Avry is a healer in a world that blames them for starting a plague and now executes them on sight. Tired of running, she is captured by a band of rogues who have been searching for a healer in order to save their plague-ridden prince. Now Avry must decide who lives and who is worth dying for.
Originally I was going to give this three stars but realized (the more I discussed this story with a friend) that I was being overly generous (blame it on the overdose of fudge while reading). There is nothing blatantly wrong with this story on the surface. In fact, I think some readers will enjoy Avry's adventure. Especially if they aren't well versed in the fantasy genre (or simply haven't read a gazillion books since they learned to read).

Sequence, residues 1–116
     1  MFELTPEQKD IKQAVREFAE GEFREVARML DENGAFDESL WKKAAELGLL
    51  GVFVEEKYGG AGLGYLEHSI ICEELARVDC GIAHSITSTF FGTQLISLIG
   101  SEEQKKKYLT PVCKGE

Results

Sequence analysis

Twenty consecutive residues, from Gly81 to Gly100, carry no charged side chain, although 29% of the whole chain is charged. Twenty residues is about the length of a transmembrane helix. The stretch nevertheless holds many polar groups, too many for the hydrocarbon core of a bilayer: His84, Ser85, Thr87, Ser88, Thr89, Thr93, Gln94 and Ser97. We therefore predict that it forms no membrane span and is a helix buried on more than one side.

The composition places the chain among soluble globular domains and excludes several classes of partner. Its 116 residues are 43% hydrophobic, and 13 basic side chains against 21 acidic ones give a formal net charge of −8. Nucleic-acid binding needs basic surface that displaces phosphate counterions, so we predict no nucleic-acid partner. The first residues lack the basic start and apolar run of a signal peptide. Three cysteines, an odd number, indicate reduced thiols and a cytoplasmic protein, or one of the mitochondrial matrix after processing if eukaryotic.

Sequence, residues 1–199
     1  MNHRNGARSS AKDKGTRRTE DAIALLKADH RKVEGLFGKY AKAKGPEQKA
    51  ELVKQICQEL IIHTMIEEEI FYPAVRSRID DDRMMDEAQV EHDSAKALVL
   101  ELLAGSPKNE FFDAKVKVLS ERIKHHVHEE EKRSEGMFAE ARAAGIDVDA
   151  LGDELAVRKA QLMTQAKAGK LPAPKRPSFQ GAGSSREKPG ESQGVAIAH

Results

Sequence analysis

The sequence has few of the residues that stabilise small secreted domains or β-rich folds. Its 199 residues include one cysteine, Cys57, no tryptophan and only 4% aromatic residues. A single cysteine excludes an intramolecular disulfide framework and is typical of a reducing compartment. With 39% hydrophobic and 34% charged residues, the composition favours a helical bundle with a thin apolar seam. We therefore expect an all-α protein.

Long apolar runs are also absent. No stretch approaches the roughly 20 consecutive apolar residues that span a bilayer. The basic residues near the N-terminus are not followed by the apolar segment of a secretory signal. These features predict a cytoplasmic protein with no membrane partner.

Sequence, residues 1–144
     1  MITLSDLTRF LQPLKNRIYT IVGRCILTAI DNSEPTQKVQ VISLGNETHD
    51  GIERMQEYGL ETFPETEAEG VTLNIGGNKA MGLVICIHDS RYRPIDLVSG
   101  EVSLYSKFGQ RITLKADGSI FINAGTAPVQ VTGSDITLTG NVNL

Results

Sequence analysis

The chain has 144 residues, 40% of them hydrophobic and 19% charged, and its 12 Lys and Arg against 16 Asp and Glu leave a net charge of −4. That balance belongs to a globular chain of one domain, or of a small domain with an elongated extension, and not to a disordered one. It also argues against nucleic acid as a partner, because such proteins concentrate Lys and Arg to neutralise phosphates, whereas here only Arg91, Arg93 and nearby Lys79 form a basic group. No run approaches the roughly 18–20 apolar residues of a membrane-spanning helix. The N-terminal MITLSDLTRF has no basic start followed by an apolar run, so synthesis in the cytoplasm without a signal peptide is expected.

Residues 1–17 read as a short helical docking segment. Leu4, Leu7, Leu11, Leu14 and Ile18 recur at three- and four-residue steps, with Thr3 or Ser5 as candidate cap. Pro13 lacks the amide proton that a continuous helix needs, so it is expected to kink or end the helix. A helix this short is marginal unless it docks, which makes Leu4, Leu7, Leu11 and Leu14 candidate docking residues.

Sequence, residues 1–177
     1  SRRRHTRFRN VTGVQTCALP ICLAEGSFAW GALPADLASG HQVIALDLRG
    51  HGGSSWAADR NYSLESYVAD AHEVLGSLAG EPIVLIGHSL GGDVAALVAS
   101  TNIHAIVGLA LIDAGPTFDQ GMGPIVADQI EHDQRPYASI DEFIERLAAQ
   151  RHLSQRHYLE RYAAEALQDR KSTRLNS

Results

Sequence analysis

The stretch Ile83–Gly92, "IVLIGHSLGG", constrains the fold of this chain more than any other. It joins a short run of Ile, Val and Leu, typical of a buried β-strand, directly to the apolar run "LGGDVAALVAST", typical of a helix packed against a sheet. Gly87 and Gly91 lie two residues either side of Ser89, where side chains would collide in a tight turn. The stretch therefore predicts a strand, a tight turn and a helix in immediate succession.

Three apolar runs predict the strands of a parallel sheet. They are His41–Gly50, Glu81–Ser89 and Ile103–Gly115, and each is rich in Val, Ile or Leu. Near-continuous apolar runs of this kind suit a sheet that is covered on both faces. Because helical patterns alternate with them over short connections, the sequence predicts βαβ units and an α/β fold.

This story has a beautiful, spunky, powerful heroine who takes on the illness and injuries of others onto herself. She even heals when she knows that her life would be in jeopardy if she is found out. She heals to the brink of her own death because she deems that person worthy. She helps rescue kidnapped victims and heals the poor, conscripted soldiers of the villain. I'm trying to find fault with MarySue...
I could go on about the hard-hitting 'hero' (it's not an attribute), the lack of dimension to the main villain, the tropey evil-ex, the 'red shirt crewman' who is destined to not make it to the end of the mission, or the the motley crew of Hollywood extras, but that would take too long.
So instead I will say that it took me a long time to figure out that I simply was not engaged with the characters. Because of that lack of interest, I focused on the story only to realize that it was rather shallow, making the bland, fillery narrative brain numbing. By the last quarter of the story, the only emotion I was getting was anger at all of the missed opportunities. It turned out that the Power of Magic was a mere shadow of a better story.
ARC provided by publisher via Netgalley.